Sunday 18th April will be a day that will live long in the memory of football fans across the world.
Reports emerged during that weekend that a European Super League is set to go ahead after a joint statement was released from 12 of the founding members of the competition.
Shortly after, UEFA and the Premier League issues strong comments condemning the plans which will have a significant financial impact on their respective league structures and day-to-day running.
In reaction to this hugely controversial move, UEFA released a joint statement along with the English FA, Premier League, Spanish FA, Italian FA, La Liga and Serie A that all of the clubs involved in the newly-derived competition will be banned from their respective domestic leagues if they pursue with this breakaway.
The idea of the European Super League is to rival the UEFA Champions League with additional financial benefits from those sides competing. As it stands, 20 teams are expected to compete in the tournament with games taking place during mid-week.
Here is everything you need to know about the clubs that have been chosen to take part:
Having never won the Champions League and only reached the final once in 2006, Arsenal owner Stan Kroenke is a controversial figure among the Emirates faithful over the year. This is due to the poor standard of football that they’ve seen and decisions made away from the pitch.
With only one European Cup to their name, Chelsea did not hesitate to make themselves part of the new Super League, adding with some fanfare that they are looking forward to working with stakeholders and supporters.
A club that brandishes the slogan ‘You’ll Never Walk Alone’ with pride, it appears that the six-time Champions League winners have gone against that with this move, which has attracted huge criticism from the fans.
Whether Liverpool will change their stance again, after several questionable decisions made by the club's owners Fenway Sports Group (FSG), is yet to be seen.
Still having yet to witness the feeling of triumph in Europe’s biggest competition, Manchester City have also made themselves a key figure in the plans for the breakaway tournament. Whether this has anything to do with their financial fair play controversy with UEFA recently is yet to be discovered.
Joel Glazer was one of the two members of the respective boards to actually speak out about the incoming changes that could potentially be made, as far as Manchester United were concerned.
Cited by the Manchester Evening News, he said: “By bringing together the world’s greatest clubs and players to play each other throughout the season, the Super League will open a new chapter for European football, ensuring world-class competition and facilities, and increased financial support for the wider football pyramid.”
Tottenham was the biggest surprise out of all the clubs to be members of this organisation, mainly because of their poor success record in comparison to the other 11 teams in this exclusive club.
Having only won two league titles and no Champions Leagues in their existence, many will question how they managed to get their name into the big-money hat.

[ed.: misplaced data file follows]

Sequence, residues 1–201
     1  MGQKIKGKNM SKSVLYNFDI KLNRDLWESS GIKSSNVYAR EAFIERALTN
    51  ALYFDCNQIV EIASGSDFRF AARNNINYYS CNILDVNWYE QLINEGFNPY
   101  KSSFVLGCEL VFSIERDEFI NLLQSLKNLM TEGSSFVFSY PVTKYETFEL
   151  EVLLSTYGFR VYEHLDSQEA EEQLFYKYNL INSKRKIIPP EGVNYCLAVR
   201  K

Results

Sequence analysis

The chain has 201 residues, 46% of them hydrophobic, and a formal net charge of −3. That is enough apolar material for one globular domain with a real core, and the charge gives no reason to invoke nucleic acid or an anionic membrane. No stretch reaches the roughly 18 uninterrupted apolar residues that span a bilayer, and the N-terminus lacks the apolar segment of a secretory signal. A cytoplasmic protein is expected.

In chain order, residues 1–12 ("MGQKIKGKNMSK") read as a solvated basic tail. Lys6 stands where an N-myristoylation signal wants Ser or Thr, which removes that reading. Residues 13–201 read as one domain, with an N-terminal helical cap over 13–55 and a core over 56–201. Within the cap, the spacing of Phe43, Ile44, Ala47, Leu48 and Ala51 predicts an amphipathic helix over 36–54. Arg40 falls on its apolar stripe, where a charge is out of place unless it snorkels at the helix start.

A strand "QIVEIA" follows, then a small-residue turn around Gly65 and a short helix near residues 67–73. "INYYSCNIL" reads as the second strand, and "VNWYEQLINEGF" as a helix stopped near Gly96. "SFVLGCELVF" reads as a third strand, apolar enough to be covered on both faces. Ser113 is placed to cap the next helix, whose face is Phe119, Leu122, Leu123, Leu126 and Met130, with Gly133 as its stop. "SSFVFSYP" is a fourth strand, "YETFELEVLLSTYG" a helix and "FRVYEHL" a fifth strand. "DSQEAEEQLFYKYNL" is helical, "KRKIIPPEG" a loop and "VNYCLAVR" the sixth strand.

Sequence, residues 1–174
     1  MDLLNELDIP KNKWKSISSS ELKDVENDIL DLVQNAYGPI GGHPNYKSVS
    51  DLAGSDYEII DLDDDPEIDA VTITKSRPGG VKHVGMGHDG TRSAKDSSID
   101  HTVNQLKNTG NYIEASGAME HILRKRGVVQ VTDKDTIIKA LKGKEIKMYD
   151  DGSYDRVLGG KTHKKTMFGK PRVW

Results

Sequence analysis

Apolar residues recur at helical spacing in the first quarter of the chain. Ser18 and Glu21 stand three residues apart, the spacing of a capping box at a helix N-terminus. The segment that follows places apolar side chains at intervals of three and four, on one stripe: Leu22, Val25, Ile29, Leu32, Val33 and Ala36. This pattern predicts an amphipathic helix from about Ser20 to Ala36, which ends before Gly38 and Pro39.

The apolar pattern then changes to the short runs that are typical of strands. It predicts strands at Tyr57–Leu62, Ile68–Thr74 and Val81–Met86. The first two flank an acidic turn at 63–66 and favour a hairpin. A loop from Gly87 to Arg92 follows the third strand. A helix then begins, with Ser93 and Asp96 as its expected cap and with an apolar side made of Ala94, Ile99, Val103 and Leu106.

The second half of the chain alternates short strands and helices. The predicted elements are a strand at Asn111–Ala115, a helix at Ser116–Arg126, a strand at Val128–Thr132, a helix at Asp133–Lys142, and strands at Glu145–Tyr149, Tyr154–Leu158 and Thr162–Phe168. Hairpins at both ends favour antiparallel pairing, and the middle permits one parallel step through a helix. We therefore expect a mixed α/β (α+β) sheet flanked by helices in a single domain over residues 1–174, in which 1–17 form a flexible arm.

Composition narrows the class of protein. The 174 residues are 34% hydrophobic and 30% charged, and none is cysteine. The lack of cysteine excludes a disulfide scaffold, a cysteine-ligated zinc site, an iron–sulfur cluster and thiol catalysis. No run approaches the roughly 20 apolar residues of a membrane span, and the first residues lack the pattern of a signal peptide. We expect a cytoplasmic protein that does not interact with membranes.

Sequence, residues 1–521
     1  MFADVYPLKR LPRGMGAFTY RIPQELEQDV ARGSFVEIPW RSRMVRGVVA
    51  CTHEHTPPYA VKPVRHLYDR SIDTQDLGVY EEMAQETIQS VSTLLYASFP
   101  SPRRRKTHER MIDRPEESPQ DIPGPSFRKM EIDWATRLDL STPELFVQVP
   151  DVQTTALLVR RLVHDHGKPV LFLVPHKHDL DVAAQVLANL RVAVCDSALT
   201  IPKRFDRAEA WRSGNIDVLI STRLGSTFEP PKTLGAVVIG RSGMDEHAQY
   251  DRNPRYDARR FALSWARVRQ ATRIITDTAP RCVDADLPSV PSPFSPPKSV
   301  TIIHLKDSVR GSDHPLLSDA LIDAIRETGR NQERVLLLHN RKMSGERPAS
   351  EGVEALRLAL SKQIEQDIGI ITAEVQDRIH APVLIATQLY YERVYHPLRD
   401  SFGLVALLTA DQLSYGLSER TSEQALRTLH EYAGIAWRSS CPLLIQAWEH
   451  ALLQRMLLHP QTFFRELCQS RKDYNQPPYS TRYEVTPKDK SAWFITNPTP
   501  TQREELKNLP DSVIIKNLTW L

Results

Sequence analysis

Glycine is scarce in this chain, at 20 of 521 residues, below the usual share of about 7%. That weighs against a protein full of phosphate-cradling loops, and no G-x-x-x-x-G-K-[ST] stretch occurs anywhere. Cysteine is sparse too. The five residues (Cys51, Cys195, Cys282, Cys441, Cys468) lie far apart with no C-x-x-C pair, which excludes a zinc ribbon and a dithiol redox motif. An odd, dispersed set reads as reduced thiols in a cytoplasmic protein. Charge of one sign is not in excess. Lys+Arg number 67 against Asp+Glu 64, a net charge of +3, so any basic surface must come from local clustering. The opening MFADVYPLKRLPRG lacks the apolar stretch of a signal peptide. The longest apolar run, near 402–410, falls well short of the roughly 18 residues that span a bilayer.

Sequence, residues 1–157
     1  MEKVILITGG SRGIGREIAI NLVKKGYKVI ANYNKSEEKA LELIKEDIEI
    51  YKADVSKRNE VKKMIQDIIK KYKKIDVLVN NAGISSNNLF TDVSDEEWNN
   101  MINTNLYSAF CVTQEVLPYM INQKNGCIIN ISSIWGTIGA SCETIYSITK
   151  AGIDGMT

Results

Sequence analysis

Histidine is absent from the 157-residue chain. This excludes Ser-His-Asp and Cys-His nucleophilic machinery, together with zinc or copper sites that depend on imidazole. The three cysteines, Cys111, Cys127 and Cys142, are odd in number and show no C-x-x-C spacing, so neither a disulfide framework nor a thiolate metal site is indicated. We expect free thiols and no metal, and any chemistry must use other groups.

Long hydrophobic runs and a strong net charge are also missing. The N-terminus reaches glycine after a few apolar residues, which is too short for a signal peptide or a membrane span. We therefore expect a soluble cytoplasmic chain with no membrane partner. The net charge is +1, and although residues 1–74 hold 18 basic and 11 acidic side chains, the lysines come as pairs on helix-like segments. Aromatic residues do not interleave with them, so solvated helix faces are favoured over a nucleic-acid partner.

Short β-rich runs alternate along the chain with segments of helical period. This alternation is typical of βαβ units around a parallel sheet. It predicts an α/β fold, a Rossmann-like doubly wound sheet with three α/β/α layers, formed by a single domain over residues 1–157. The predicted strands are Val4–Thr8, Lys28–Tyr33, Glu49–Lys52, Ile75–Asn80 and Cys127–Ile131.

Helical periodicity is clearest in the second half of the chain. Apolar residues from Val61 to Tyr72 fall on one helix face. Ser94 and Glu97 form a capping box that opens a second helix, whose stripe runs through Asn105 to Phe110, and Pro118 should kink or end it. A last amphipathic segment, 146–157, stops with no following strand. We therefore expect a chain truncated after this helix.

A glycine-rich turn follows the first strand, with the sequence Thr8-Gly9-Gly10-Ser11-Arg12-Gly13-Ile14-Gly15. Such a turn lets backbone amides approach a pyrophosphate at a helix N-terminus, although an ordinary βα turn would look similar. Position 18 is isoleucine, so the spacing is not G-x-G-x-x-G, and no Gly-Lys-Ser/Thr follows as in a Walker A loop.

Like Spurs, Atletico Madrid have never had any success in Europe and yet have been chosen as one of the founding members of the league.
Their last La Liga triumph was in 2014 and won the Europa League three times in the space of eight years during the 2010s, and will not get the opportunity to win the Champions League.
The Galacticos owner Florentino Perez has taken up the role as chairman of the ESL, which puts him head of the table as far as financial decisions are concerned.
This, therefore, will make Real Madrid the most powerful club in Europe and questions will be asked after every decision that is made, once, or if, the league gets underway.
It is the worst kept secret in football at this time that Barcelona are going through significant financial hardship as a result of the coronavirus pandemic that has swept through Spain as well as the entire planet.
This may be one of the most unusual steps considering that the club is member-owned, meaning they are not owned outright by a single individual. The question remains as to whether the Nou Camp faithful are on board with the Super League proposals.
The red half of Milan have an elusive record in European competition - winning the Champions League seven times.
However, they have not featured in the competition since 2013 after going through a turbulent period in their history. As a result, there is no doubt that Rossoneri will be one of the clubs that will benefit most from this new reform.
Unlike their city rivals, Inter have had more success in Europe recently having won the tournament in 2010 and have themselves a regular Champions League side.
Why they would give all that up for profit, remains to be seen. Nevertheless, Nerazzurri did not hesitate to get themselves involved in the hugely controversial plans.
The Old Lady couldn’t resist getting involved in the latest European creation, in an attempt to solidify their impeccable club status.
Led by the Agnelli family, Juventus will look to go into the competition after winning the Champions League just twice, 1985 and 1996.
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